Pandoraviruses: a Pandora’s Box of trouble for evolution
Viruses in many ways are an enigma to biologists. Debate has raged for years as to whether viruses can even be considered a life form. As they lack the enzyme and organelle ‘machinery’ that defines a living cell, viruses cannot carry out the necessary internal metabolism to sustain life, or to reproduce themselves. It’s true that they carry their own genes (the DNA or RNA ‘blueprint’ that codes for their construction). However, viruses can only reproduce by commandeering a suitable host’s cell machinery to do the job. Viruses therefore can in no way be presented by evolutionists as a transitional form (i.e. an ‘evolutionary intermediate’) between non-life and life, as viruses need to have fully-functional living cellular organisms already in existence! Viruses do not really fit anywhere on the evolutionary ‘tree of life’—they are very obviously not the ancestors of one-celled (or any other) creatures.1
And with the discovery of two very distinctive viruses in Chile and Australia,2 viruses have become even more of an evolutionary enigma. The viruses are the largest ever discovered. Dubbed ‘Pandoraviruses’, they are so large that they are visible under an ordinary light microscope, and appear to have more features in common with cellular organisms than do other known viruses.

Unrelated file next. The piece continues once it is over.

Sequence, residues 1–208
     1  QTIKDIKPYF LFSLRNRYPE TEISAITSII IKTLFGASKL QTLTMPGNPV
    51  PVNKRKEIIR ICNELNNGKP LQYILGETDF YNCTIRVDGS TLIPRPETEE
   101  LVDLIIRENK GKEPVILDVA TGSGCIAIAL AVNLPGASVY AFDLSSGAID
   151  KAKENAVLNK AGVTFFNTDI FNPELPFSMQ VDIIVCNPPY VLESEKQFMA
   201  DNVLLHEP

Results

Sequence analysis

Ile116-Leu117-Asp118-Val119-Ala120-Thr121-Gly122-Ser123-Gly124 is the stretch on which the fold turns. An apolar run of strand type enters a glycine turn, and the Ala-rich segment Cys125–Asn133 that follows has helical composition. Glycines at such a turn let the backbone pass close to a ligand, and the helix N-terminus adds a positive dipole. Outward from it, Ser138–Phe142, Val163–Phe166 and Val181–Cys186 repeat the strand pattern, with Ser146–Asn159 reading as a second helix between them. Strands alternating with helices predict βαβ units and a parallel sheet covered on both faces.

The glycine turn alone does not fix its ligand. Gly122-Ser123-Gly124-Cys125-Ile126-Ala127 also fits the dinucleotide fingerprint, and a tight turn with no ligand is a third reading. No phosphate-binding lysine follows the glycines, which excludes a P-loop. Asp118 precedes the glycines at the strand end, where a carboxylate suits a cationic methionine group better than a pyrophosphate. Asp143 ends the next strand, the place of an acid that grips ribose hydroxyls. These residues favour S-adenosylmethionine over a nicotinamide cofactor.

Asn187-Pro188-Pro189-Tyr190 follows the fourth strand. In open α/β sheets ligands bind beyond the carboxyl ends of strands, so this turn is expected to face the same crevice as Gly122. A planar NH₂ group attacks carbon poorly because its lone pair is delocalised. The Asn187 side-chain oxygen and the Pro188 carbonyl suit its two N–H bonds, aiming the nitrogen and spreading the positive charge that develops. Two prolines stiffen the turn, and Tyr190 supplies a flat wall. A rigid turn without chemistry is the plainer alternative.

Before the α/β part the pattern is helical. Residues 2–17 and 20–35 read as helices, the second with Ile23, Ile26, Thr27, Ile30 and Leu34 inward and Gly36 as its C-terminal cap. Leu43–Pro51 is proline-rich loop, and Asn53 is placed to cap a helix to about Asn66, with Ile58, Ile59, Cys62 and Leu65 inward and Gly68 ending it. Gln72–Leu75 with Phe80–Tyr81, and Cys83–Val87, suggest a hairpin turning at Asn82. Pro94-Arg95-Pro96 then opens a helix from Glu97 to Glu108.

Research team members Jean-Michel Claverie and Chantal Abergel (husband and wife) of France’s National Centre for Scientific Research (CNRS) were reported to have been “extremely surprised” to discover the super-large viruses, and wrote that the viruses’ container-like shape and unique set of genes “made us associate them to the Pandora box. The opening of the box will definitely break the foundations of what we thought viruses were.”3
In other words, the researchers think that these viruses are sufficiently different from any life form previously encountered that therefore Pandoraviruses might have come from a “different [evolutionary] tree of life altogether”.3
And they rather candidly added, “Our knowledge of biology as a whole and of the origin of life is still very incomplete.”3
Another scientist who has studied large viruses (but who was not involved with this study) agrees with the French researchers that the Pandoraviruses present a challenge. “The problem here is more from an evolutionary point of view. Where do these viruses come from?” explained Gustavo Caetano-Anolles, Professor of Bioinformatics at the University of Illinois. “They are definitely part of something that we do not understand very well and that has the same complexity as cells.”3